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How Can You Organise Yourself for Success? New Year Strategy.

Organising for Success: 5 Expert Tips for a Great Start in the New Year

New Year. New Beginnings. New Year Resolutions. “There are dreamers and there are planners; the planners make their dreams come true.” Edwin Louise Cole.
Have you started organising yourself for a successful start for the year?

The first step towards planning for a productive year ahead is to establish your short term and long-term goals so that you can stay clear and focussed on tracking towards your goals. Read more in our article here on setting SMART (specific, measurable, achievable, relevant, and time-bound) goals.
The next step? Organising yourself for success by setting the right framework and systems in place. Here are 5 principles to embrace and give you a great start to your year.

1. Develop habits and develop routine

“Often The Difference Between Organised and Dis-Organised Is The Little Habits We Do Each Day Without Really Thinking” – Chrissy Halton

Setting up good habits for long-term success helps us towards our goals of better time management, health and happiness. This is a good time to evaluate your habits in life and assess what is working, what you should get rid off and what new habits you will need to adopt to reach your goals.

For example:

  • Do you tend to hit the snooze button and end up sleeping longer than necessary instead of hitting the road for exercise?
  • Do you spend excessively indulging on your habits which brings about credit card debts?
  • Have you set up a recurring savings and investment plan?
  • Do you spend too much time on your social media?

While building good habits is not easy, most of the time, starting an action for the first 10 minutes is the biggest hurdle you need to get through to break the inertia. James Clear provides fabulous research-based recommendations in his book “Atomic Habits” (or you could just watch him on YouTube) on how to create new habits that will lead you to achieving your goals.

“Ultimately, your habits matter because they help you become the type of person you wish to be. They are the channel through which you develop your deepest beliefs about yourself. Quite literally, you become your habits.”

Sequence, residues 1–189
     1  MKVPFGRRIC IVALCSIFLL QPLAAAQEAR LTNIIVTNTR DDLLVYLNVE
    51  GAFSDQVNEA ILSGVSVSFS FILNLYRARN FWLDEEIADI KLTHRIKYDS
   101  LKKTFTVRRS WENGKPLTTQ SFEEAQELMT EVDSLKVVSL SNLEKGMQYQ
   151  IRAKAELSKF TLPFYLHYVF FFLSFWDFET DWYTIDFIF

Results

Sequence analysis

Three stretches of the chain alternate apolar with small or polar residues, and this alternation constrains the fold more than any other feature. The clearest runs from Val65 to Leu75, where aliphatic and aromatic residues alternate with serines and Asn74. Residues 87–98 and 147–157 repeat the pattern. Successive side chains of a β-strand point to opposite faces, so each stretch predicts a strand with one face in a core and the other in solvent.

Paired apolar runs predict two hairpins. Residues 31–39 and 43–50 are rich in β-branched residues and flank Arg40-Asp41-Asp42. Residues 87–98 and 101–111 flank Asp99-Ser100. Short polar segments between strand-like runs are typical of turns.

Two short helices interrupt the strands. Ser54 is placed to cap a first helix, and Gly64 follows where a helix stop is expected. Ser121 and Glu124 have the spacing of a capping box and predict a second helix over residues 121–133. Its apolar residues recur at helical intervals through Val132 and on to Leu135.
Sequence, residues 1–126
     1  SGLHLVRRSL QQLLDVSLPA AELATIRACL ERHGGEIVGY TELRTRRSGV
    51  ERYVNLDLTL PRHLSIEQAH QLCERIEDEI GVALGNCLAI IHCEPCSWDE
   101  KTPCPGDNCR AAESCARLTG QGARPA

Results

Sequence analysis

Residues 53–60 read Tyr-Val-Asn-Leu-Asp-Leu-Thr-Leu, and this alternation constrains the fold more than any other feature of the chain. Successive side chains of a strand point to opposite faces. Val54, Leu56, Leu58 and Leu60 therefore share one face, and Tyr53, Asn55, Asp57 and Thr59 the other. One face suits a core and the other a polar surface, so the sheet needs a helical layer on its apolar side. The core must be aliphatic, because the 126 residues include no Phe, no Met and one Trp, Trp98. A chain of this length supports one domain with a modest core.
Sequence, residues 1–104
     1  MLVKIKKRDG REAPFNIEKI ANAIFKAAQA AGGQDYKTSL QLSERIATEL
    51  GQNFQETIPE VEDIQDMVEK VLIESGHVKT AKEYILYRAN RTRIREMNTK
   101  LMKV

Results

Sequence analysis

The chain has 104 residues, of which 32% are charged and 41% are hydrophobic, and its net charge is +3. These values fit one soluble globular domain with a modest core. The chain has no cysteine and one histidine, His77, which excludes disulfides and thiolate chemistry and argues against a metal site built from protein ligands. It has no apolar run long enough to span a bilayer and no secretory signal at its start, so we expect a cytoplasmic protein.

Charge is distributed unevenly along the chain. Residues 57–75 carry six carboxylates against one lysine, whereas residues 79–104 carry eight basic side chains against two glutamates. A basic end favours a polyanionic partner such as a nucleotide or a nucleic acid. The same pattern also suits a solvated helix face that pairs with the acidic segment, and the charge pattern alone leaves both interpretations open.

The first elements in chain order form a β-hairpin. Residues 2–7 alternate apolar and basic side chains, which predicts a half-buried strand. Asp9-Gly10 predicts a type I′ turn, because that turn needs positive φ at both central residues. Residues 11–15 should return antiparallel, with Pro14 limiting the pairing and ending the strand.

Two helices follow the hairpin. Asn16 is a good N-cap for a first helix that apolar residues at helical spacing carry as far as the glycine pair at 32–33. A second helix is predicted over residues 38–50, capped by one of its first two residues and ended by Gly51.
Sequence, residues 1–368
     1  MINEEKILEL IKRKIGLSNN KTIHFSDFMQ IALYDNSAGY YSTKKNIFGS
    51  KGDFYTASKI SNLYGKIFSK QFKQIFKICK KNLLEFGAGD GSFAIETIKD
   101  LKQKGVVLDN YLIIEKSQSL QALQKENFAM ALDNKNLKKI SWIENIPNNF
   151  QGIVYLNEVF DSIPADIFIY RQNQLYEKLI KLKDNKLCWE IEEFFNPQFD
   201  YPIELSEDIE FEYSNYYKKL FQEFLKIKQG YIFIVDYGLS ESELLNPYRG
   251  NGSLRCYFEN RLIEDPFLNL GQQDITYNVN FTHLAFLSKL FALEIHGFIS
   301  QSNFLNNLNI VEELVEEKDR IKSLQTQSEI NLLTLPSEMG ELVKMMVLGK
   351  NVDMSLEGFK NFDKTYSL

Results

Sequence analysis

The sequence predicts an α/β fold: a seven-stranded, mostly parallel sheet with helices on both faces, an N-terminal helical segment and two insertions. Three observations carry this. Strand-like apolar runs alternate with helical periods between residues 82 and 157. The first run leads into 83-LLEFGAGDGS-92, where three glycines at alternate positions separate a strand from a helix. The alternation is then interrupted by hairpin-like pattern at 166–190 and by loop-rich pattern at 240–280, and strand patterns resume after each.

Once you have decided on which habits you would like to adopt, put them into a routine that helps you become more productive.

2. Plan in Advance

“Fail to plan, plan to fail” – Churchill.

Time management and Organisation Gurus have repeatedly advocated that we set aside 15 minutes at the end of our day, to organise for tomorrow. That way, you can start your day all set up to be productive. It is also recommended that we spend 1 hour a week just on organisation.

“Fifteen minutes before you leave for the day, put things away: file papers, return items to other offices, bring recyclables or trash to where it needs to go, rewrite your to-do list,” says Cohen. “You will come to work the next morning with a neat work area and a direction for the day.”

And another consideration – SCHEDULE your “organising” time or it will not happen with these tips:

  • Plan and schedule small things as they all add up (no surprises here)
  • Overestimate how long a task will take you
  • Time-block your day

In Laura Vanderkam’s 168 Hours: You Have More Time Than You Think, she stresses the importance of planning your week:

  • “…well-planned blocks of 168 hours are big enough to accommodate full-time work, intense involvement with your family, rejuvenating leisure time, adequate sleep, and everything else that actually matters.”

An important tip is not to wait until the end of the day to get all your organisation done. Instead, you need to do this THROUGHOUT the day. That little 5 minutes spent on filing and putting things in the correct folder, will go a long way. Add organisation time to your day.